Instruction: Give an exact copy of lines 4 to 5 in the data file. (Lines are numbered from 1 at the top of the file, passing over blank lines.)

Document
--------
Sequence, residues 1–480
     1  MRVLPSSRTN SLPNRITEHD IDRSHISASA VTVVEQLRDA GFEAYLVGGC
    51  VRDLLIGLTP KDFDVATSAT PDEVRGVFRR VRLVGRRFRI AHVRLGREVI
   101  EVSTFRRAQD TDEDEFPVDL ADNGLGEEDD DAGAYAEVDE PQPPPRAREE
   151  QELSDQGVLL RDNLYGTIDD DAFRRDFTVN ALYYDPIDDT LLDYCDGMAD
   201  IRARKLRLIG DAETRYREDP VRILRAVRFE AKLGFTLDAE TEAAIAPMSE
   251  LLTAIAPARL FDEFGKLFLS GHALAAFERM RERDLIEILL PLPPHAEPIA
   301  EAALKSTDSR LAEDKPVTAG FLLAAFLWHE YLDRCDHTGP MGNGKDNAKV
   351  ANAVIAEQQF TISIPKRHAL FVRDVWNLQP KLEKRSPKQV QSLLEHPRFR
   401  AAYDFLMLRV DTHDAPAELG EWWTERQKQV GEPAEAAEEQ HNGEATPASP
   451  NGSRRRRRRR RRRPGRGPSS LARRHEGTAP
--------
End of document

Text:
   101  EVSTFRRAQD TDEDEFPVDL ADNGLGEEDD DAGAYAEVDE PQPPPRAREE
   151  QELSDQGVLL RDNLYGTIDD DAFRRDFTVN ALYYDPIDDT LLDYCDGMAD